This post had no particular message or lesson learned. It was just fun. And that is what that stop was on this trip–just fun. In a snapshot on my phone that I couldn’t pull into the post due to a technical glitch, I am laughing so hard, I’m almost doubled over. We had some silly interaction while standing there waiting that completely cracked me up–just between the two of us that I didn’t share in this post. Maybe because it was so spontaneous and silly, this became one of my most FUN memories of the trip.
Diana Trautwein says
What a sweet story. Now I’m going to have to listen to the song. . . cuz I don’t think I know it. And if your mom thinks it’s the century’s best, well then. . . I’d better get crackin’! Love the pix – first time I’ve seen your husband!!
My mom loves, loves, loves the Eagles. It’s not, what shall we say, the most *edifying* song in the world. But the catchy tune and the overall phrase sticks with you, “Take it easy.”
Also, I might have to sit down and chat with my mom just to reminder her that the Beatles music came out in that same century. We’re all entitled to our opinions, but I think she would have to do a lot to convince people that “Take It Easy” tops “Let It Be” or “Penny Lane” or numerous others. I suspect our next family get-together will generate some friendly debating.
Janis@Heart-Filled Moments says
Well, you know I had to look up the year that song was written–1972. I actually thought it was earlier. But, just like your Mom said–it was a mighty fine song. Now, about you being on the young end of those visitors–hmmmm, suddenly made me feel old. Yep. That’s a song from my generation–although I never fit that mold either.
That tune will haunt me all night. Thanks for the journey, Ann.
I remember a funny incident from Hubby’s and my first road trip across the country. We still lived in California at the time. When we hit Arizona, we had a list a mile long of places we just had to see. Sunset Crater, Meteor Crater (can you tell I married an engineer?), Wapatuki Ruins, Oak Creek Canyon, Chapel of the Holy Cross just south of Sedona, the Petrified Forest, the Painted Desert, and of course we were going to squeeze in the Grand Canyon. I’m sure I missed someplace. It was 1979 and Route 66 was big for us, having parents who had traveled that route. We missed Winslow, though. By the time we reached Four Corners, Hubby said, “Do you realize how much time we spent in Arizona and it’s the state right next to us? We have only begun our trip. We can come back here anytime.”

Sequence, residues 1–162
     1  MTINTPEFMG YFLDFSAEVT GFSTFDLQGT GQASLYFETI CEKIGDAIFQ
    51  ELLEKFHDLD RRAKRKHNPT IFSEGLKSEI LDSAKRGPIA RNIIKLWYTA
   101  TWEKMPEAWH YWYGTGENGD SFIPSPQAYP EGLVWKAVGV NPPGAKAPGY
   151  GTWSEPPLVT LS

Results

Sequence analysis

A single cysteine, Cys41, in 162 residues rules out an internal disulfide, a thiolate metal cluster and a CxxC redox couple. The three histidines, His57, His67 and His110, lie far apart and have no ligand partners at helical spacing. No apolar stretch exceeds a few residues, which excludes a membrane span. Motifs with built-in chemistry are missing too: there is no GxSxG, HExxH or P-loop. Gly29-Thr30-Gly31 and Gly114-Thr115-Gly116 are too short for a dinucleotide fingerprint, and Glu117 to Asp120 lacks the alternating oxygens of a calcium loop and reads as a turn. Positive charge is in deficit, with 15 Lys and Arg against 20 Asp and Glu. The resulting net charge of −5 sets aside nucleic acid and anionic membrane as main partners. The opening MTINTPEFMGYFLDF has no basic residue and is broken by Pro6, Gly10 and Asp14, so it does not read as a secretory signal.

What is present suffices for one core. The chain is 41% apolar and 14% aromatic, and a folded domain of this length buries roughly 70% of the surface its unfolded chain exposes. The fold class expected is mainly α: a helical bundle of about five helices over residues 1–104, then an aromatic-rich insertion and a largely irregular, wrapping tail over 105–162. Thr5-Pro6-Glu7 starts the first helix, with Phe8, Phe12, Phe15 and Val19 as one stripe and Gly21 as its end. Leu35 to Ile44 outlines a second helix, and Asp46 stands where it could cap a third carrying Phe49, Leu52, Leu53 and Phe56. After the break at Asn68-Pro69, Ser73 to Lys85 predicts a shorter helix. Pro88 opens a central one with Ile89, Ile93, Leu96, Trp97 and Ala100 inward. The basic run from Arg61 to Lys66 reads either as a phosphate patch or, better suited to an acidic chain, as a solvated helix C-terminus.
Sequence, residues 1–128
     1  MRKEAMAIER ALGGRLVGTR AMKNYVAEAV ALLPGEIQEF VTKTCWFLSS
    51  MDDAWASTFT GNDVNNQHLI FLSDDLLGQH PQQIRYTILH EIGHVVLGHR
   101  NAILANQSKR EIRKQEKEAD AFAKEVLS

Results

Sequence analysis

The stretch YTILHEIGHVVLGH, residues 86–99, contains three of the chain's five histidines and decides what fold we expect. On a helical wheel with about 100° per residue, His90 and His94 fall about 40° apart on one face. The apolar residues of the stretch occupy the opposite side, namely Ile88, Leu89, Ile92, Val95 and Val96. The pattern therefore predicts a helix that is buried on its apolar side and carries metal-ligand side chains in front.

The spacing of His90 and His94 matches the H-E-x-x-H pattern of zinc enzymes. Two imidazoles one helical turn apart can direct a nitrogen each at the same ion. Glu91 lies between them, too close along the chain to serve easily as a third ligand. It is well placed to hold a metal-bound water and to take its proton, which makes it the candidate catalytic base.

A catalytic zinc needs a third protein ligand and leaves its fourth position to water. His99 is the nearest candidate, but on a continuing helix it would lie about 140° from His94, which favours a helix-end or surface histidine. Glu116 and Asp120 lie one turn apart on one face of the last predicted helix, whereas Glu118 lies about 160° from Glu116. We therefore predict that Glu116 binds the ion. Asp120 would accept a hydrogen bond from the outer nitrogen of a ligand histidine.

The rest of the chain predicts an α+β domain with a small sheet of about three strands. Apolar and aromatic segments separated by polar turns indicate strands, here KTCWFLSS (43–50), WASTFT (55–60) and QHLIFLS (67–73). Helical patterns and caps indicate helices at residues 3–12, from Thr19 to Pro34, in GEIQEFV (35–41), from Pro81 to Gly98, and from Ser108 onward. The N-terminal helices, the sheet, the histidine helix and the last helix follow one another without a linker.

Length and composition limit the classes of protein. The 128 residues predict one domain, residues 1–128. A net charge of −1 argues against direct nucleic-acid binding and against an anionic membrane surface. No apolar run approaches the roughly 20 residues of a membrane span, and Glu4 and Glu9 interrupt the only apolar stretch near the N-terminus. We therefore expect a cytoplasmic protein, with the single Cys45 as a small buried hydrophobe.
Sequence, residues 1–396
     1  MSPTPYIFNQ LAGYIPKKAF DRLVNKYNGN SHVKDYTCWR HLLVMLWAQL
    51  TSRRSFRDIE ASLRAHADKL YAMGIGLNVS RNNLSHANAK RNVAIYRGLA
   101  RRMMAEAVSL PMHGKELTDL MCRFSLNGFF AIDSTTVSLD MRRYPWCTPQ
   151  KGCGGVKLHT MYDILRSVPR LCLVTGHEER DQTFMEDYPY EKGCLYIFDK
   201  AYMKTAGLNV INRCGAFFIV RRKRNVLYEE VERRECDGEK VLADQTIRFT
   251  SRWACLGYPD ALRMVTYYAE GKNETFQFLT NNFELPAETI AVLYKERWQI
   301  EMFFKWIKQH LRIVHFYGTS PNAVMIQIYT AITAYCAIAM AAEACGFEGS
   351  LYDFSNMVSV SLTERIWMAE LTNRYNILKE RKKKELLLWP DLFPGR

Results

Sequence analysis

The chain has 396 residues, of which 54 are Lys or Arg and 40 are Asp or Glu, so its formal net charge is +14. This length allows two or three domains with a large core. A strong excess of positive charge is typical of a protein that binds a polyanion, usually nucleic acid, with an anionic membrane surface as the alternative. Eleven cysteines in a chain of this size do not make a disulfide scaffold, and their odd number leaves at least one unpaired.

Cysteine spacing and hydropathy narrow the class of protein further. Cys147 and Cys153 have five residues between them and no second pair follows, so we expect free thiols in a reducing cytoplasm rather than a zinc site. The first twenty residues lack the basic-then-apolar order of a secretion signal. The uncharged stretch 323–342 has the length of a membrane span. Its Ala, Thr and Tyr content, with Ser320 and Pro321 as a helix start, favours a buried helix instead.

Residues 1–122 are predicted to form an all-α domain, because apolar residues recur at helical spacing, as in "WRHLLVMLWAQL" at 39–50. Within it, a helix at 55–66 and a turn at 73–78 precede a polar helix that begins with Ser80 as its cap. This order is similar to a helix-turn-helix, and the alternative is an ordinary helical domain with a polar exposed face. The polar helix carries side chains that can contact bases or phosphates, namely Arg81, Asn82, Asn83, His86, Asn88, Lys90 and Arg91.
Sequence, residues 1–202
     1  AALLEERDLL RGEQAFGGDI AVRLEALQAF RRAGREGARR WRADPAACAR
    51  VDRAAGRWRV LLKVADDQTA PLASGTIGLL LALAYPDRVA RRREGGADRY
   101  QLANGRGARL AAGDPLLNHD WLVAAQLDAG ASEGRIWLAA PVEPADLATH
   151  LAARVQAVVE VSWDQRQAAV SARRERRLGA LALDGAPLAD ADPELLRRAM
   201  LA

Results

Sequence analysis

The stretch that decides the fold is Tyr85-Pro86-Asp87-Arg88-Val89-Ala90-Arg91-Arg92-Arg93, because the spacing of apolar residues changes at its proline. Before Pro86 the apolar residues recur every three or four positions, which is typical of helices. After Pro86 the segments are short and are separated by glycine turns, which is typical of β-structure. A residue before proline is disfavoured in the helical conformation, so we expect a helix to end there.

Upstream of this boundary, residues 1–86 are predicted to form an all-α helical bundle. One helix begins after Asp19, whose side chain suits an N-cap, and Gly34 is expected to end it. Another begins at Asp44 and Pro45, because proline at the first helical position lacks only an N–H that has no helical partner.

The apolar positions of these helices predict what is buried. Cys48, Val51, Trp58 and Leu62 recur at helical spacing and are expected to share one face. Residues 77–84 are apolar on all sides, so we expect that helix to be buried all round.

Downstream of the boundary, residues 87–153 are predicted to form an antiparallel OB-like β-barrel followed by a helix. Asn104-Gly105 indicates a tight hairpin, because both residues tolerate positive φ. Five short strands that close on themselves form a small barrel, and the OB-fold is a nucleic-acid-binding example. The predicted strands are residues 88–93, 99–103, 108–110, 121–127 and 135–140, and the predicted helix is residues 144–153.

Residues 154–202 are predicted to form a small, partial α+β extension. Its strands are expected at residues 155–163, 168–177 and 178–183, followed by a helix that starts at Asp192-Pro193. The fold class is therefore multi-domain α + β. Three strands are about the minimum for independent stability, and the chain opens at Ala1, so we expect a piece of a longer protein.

Little did we know that life would move us here 15 years later!
“Take it easy” Ann!
I love reading not only where the song falls in your timeline–I’m thinking I was a tiny bit too young to remember hearing it when it was first released, but Mom and my brother would have played it for me often enough that I would have heard it many times growing up.
I LOVE seeing your itinerary here. Sounds like I have some additional places to visit. We passed Meteor Crater and discussed whether or not to devote an afternoon to visiting it. Then we decided to take a pass. But I was fascinated with the idea of seeing a giant meteor crater. Maybe next time we pass through?
Janis@Heart-Filled Moments says
Sorry, Ann. That was too long! I got to reminiscing. You know how us old folks are (lol).
Not at all! I love seeing all those places you traveled, and it occurred to me that maybe you could take all those wonderful memories and use them as inspiration to write a series of posts at your blog–I think people love to hear about places they’ve never been!
Janis@Heart-Filled Moments says
Great idea, Ann!
April @ The 21st Century Housewife says
I so enjoyed reading this post. Thank you for sharing your pictures. I loved the Eagles when I was growing up, and my parents always talked about Route 66. I’ve driven a couple bits of it, but never the whole thing. Sounds like such a memorable holiday!
April, thank you for swinging by. I promise I’ll get a Food on Fridays up and running soon!
Most of Route 66 is decommissioned, but some of it is still drive-able, so that’s what’s fun–you can be driving down I-40 and then swing off like we did to a town and then for a few miles, be cruising along a section of Route 66. It is impossible not to be thinking of the 40s, 50s and 60s.
I love this! It’s so fun to stop and take those kind of pictures. Like your daughter, I love the one with the Route 66 painted in the road. Sounds like a fun trip!
Megan Willome says
“For a song,” for a girl or a guy–why all great decisions are made. So glad you added this one to your travel journal!